Santo Stefano di Sessanio, too, was battered by the aforementioned devastating earthquake of 2009. The hill town on 1,250 m still struggles with the aftermath, yet the town centre continues to exude its allure. Many buildings and monuments were constructed during the reign of the Medici, such as the imposing village portal and the sadly collapsed tower. Fascinating churches, monasteries and palaces adumbrate Santo Stefano di Sessanio’s former glory.

Santuario della Madonna dello Splendore in Giulianova

According to lore, the Virgin Mary appeared to a carpenter in Giulianova on 22 April 1557. When he was mocked and attacked by his fellow men, the Mother of God intervened, protected the carpenter and made water spring from a rock. To this day, the church built on this very site attracts pilgrims from all over Italy. During the annual festival of Mother Mary on April 22nd a statue of the virgin is carried through the village during a ceremonial procession. You need to see this for yourself!

Fortezza di Civitella del Tronto

Italy’s largest fortress, the second-largest of its kind in all across Europe behind Hohensalzburg Castle in the Austrian city of Salzburg, lies above the municipality Civitella del Tronto in the heart of Gran Sasso National Park. In 1556/57 the inhabitants successfully defended their home against François de Guise for months. Rebuilt several times, even having become meaningless for a long time, it regained its original glory after extensive renovation works in 1973. You’ll virtually feel the inhabitants’ prowess when you walk across the ship-formed fortress ground.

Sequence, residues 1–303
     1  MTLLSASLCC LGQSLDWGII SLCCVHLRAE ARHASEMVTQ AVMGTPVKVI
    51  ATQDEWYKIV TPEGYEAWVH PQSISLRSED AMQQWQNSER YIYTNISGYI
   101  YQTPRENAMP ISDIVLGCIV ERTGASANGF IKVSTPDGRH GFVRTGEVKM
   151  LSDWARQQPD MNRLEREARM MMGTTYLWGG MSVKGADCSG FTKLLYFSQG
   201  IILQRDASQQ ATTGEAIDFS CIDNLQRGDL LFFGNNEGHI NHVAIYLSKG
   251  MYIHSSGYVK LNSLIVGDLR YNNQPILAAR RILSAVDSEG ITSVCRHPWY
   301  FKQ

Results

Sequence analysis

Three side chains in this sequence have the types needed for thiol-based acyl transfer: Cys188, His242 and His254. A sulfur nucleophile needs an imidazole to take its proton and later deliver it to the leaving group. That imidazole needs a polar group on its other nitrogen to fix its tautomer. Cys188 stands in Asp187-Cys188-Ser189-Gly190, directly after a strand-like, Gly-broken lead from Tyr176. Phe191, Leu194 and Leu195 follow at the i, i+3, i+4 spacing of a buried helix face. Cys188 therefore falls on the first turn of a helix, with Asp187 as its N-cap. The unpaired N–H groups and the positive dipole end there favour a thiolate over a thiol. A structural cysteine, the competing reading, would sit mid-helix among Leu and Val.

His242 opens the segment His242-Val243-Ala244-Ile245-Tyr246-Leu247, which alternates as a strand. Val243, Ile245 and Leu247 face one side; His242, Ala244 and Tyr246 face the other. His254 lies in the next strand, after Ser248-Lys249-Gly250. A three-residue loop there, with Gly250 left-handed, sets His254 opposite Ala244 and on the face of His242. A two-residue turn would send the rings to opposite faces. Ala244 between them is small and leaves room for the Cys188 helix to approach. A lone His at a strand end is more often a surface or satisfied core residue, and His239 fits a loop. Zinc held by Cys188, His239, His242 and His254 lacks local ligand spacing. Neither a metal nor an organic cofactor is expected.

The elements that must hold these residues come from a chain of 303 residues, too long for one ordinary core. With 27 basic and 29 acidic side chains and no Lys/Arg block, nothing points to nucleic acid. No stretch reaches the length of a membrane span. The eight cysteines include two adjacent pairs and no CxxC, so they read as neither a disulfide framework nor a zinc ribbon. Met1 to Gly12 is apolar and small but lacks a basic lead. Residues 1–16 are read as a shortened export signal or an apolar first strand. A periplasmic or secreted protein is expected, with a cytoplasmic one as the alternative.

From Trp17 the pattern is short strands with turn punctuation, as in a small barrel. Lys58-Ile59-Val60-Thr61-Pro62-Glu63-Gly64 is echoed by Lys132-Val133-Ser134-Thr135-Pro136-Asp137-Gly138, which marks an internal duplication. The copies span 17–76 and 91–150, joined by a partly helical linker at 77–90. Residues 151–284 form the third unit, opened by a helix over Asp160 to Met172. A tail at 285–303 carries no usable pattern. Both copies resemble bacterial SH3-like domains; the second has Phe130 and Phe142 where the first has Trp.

Gran Sasso e Monti della Laga National Park

Gran Sasso e Monti della Laga National Park, Abruzzo


Find one of the most beautiful regions in all of Italy around the mountain massif Gran Sasso d’Italia, which has been a nature park since 1991. You’re hiking through one of Europe’s largest conservation areas with a total of 141,341 hectare, most of which lies in the mountainous Apennines. Rare plant and animal species, such as the Abruzzo Edelweiss and the Abruzzo chamois, line your way. Strada Maestra del Parco runs right through the middle of the national park. Now open for tourists, the highway is particularly popular with excursion drivers.